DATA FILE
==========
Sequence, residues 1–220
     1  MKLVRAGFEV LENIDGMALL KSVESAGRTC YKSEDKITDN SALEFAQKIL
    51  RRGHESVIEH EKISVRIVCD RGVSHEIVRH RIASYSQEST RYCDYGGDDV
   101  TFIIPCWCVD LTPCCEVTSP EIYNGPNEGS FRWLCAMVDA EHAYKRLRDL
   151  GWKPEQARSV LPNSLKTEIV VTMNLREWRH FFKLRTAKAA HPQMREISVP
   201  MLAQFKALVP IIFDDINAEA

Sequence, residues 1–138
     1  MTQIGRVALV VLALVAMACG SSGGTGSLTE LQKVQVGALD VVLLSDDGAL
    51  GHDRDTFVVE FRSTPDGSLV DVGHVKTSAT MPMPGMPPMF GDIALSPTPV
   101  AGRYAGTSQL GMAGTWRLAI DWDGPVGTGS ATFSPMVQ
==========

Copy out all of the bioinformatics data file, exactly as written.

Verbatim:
Sequence, residues 1–220
     1  MKLVRAGFEV LENIDGMALL KSVESAGRTC YKSEDKITDN SALEFAQKIL
    51  RRGHESVIEH EKISVRIVCD RGVSHEIVRH RIASYSQEST RYCDYGGDDV
   101  TFIIPCWCVD LTPCCEVTSP EIYNGPNEGS FRWLCAMVDA EHAYKRLRDL
   151  GWKPEQARSV LPNSLKTEIV VTMNLREWRH FFKLRTAKAA HPQMREISVP
   201  MLAQFKALVP IIFDDINAEA

Sequence, residues 1–138
     1  MTQIGRVALV VLALVAMACG SSGGTGSLTE LQKVQVGALD VVLLSDDGAL
    51  GHDRDTFVVE FRSTPDGSLV DVGHVKTSAT MPMPGMPPMF GDIALSPTPV
   101  AGRYAGTSQL GMAGTWRLAI DWDGPVGTGS ATFSPMVQ